Birmingham Royal Ballet’s production of Beauty and the Beast tours the UK in Autumn 2014. Here’s a detailed look at the titular terror from top to toe!

1. Face: The Beast’s mask is made of a special foam and fits the dancer like a second skin. Each dancer performing the role has an individual mask created, moulded specifically to the contours of their face.

The Beast from Beauty and the Beast

2. Eyes: For the first ever performances of the ballet in 2003, many of the costumes were being created at the same time as the first photographic artwork was being taken. For the posters, an image was obviously needed of someone in the Beast’s mask, only recently completed. Rather than call one of the dancers out of rehearsals for the ballet, however, Director David Bintley stepped into the role himself, and it is his own eyes you may have seen peering out at you through the Beast’s face!

3. Muscles: In creating the look of the costume, designer Philip Prowse took elements from bears, wolves and other creatures. Says David: ‘The Beast is not specifically this kind of animal or that kind of animal, but another thing to a human being, and that’s what I think is Belle’s visual repulsion; he represents a threat to her humanity.’

Beauty being lifted by the Beast

4. Hide: The ‘skin’ of the Beast’s costume is made from a velour-like material, which restricts the dancers’ movements as little as possible, and yet still moves seamlessly like the hide of a real animal. Despite being one of the most dramatic characters in the Birmingham Royal Ballet repertory, the costume is one of the quickest to get into during preparations for each performance, as the all-in-one mask nicely eliminates the need for lengthy wardrobe sessions in Hair and Make-Up!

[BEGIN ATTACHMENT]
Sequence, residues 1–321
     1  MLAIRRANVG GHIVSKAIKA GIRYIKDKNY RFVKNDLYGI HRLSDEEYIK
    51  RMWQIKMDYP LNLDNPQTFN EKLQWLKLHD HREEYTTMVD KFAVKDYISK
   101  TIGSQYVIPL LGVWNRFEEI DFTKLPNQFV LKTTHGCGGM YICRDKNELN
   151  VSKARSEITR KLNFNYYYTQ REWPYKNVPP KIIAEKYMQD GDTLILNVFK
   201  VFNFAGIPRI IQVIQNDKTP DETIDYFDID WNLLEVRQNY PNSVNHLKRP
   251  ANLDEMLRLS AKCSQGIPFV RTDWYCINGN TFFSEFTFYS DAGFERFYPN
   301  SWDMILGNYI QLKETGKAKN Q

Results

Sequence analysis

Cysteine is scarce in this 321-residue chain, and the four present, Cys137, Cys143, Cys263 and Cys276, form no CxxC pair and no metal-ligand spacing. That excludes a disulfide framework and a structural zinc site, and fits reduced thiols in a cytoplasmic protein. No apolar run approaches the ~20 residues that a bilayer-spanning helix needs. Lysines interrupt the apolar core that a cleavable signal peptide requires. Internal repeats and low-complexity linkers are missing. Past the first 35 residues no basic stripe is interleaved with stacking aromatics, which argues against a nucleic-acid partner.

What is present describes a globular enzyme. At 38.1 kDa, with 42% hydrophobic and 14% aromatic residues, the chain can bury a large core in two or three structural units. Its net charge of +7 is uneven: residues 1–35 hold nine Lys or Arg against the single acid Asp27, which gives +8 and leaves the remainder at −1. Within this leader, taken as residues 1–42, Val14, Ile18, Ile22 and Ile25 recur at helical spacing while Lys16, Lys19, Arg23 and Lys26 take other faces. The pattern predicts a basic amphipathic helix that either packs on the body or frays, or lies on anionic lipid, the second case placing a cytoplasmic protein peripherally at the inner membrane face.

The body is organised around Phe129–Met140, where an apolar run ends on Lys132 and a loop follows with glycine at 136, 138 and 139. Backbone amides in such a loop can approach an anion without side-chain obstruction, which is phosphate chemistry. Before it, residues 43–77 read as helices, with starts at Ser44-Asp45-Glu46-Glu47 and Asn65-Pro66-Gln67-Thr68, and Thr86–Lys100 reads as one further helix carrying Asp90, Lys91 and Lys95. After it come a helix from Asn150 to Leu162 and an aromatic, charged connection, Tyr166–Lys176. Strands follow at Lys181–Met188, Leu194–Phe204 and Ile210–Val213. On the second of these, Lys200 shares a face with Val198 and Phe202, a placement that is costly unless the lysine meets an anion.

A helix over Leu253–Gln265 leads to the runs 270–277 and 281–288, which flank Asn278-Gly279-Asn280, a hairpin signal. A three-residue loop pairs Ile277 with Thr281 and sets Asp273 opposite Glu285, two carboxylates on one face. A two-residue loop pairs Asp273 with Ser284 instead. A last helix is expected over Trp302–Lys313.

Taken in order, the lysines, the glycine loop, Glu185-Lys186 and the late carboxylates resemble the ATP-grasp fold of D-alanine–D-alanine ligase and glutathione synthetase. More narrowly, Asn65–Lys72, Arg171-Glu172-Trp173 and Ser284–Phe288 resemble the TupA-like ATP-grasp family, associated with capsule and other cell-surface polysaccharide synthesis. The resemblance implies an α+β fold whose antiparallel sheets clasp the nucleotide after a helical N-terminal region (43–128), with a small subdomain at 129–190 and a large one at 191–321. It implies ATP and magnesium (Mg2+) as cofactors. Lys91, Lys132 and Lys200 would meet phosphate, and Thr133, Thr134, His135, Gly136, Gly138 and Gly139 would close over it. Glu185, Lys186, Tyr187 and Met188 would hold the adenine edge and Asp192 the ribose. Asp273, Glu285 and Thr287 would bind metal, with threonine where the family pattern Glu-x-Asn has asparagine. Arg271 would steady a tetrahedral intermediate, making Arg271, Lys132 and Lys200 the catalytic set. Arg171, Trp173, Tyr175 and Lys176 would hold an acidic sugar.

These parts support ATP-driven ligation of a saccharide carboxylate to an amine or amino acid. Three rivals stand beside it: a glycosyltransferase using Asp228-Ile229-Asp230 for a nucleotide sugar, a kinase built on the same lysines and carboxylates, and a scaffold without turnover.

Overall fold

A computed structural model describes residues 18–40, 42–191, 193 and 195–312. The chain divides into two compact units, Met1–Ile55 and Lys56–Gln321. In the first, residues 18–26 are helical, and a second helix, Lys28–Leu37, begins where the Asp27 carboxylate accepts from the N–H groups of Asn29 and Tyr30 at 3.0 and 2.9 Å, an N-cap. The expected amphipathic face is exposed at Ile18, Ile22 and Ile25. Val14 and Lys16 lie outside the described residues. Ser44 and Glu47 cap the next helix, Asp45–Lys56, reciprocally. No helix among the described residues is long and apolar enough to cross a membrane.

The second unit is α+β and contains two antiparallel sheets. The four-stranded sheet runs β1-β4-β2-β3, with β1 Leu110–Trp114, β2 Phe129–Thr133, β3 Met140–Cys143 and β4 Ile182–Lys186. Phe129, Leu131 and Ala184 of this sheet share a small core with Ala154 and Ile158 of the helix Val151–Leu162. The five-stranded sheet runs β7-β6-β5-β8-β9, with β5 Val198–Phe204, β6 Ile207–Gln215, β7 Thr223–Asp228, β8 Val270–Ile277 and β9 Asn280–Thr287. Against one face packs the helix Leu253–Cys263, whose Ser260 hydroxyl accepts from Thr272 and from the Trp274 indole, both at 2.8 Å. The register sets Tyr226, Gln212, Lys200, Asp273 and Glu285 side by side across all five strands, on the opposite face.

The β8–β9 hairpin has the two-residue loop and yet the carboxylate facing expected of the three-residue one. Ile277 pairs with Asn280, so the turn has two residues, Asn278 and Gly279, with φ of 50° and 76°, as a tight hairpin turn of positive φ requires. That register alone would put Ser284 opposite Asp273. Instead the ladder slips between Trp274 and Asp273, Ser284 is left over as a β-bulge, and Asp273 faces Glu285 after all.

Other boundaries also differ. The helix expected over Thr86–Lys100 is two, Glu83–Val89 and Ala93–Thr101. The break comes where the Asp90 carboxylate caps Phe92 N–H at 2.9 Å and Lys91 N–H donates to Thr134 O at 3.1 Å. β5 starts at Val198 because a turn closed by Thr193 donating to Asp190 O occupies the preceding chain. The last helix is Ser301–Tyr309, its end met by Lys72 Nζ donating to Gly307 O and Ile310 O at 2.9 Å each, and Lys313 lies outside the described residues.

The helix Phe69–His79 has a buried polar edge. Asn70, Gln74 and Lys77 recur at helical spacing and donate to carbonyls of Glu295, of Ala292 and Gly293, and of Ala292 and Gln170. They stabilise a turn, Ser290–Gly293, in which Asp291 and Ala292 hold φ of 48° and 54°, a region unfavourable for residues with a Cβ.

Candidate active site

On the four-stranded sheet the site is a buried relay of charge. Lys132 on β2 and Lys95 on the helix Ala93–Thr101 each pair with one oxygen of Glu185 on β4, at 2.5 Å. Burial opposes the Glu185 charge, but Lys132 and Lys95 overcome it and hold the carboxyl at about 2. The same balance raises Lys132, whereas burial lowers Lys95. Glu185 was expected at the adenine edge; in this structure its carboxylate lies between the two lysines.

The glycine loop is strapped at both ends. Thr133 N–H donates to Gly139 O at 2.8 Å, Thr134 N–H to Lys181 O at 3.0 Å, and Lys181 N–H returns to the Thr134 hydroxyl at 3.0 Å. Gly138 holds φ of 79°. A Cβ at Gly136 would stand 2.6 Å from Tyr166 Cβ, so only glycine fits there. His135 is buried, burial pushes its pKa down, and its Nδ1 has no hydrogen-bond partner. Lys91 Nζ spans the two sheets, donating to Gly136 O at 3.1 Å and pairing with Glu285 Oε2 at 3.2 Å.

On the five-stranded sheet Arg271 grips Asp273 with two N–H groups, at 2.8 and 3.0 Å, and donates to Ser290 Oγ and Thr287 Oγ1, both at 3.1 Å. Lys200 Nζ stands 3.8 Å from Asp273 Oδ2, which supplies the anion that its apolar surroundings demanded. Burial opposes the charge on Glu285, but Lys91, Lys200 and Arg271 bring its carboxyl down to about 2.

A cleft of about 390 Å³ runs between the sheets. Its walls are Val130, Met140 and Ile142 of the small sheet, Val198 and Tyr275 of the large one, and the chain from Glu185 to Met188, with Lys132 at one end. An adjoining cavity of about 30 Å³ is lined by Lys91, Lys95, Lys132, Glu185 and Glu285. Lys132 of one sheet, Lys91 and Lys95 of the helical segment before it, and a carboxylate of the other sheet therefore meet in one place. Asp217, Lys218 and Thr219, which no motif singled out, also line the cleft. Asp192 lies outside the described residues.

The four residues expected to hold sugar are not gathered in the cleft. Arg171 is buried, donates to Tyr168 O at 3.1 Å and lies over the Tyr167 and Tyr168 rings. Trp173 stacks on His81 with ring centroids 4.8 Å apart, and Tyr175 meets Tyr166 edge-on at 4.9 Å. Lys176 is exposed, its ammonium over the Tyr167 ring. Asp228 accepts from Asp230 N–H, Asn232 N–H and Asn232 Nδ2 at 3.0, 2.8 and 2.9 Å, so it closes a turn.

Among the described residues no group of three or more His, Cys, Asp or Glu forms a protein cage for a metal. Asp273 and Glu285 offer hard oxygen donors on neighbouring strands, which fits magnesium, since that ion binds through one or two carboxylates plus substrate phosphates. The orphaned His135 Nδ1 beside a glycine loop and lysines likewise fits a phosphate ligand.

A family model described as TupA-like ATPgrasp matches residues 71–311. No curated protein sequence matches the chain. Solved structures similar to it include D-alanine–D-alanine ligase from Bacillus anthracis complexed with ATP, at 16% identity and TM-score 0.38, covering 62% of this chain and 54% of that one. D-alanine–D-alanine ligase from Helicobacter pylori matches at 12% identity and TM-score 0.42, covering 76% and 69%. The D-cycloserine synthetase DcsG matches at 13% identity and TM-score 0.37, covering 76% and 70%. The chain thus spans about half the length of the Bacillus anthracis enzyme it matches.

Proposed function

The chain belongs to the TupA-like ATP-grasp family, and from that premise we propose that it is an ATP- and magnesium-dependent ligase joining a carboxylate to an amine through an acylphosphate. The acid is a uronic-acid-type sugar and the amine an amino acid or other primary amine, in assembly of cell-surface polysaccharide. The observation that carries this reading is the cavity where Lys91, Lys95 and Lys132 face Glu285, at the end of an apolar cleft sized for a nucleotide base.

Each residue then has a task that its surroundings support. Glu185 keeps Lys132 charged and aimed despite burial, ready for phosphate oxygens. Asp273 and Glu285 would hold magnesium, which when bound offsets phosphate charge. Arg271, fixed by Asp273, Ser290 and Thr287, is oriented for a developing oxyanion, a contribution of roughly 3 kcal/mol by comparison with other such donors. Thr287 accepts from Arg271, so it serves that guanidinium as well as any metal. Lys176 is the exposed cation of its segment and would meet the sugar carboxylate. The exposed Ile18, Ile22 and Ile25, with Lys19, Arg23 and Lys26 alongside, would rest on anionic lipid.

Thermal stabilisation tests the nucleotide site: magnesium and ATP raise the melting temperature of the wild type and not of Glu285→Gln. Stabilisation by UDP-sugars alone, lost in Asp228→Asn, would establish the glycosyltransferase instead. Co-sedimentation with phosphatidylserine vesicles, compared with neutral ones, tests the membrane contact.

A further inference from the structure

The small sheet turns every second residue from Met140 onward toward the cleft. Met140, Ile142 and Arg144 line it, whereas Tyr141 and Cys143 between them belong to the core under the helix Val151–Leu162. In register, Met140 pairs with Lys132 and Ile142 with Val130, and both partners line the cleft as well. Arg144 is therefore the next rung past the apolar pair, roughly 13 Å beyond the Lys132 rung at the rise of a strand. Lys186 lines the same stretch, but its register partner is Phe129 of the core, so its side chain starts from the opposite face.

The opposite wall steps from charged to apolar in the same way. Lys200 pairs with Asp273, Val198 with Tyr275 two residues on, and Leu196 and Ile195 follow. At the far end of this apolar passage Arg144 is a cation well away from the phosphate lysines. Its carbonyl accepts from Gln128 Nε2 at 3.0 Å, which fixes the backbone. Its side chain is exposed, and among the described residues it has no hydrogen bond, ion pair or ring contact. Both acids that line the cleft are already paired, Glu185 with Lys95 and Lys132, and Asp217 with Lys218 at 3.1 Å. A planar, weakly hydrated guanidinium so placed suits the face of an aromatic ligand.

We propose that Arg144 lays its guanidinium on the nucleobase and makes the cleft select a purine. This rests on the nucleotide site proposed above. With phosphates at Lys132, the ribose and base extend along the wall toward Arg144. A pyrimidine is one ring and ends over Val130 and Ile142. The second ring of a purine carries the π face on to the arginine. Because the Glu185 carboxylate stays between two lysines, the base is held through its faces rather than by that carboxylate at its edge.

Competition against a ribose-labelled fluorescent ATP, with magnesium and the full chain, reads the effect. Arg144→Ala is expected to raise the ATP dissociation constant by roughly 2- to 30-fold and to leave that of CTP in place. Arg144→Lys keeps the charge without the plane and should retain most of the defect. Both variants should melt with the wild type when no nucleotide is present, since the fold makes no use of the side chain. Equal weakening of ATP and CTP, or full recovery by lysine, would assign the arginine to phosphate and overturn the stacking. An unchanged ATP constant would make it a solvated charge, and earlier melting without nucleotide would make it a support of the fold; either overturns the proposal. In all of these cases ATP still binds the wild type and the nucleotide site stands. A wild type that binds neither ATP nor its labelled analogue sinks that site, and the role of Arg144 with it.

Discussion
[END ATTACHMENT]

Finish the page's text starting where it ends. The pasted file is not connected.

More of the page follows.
5. Waist: When the ballet made its debut in 2003, the Beast’s costume was so hot on the inside that the dancer performing the role lost half a stone on the opening night! Slight changes have been made since, however, meaning the cast will still have to hit the gym to stay in shape!

The Beast leaping

6. Feet: At the end of the story, the Beast is eventually transformed back into the prince, calling for a quick change on the part of the dancer. In the short space of time, there isn’t enough time to secure ballet pumps once the Beast’s boots have been removed, and they would be too large to wear underneath, so the dancer is left barefoot for the final pas de deux.

7. Name: David says he was intrigued by idea of calling people ‘beastly’ whenever they display characteristics such as pride, and malice; traits actually fairly unique to humans, rather than the animal kingdom. ‘People are more ‘beastly’ than animals are,’ he says. ‘We have a funny way of viewing things; if you call someone ‘beastly’ it’s not meant as a compliment, but to be beastly means to be like a beast, an animal. That is why the prince is turned into a beast, because he is arrogant, cruel, and as a human would say…beastly.’

Click here for details of all forthcoming performances of Beauty and the Beast.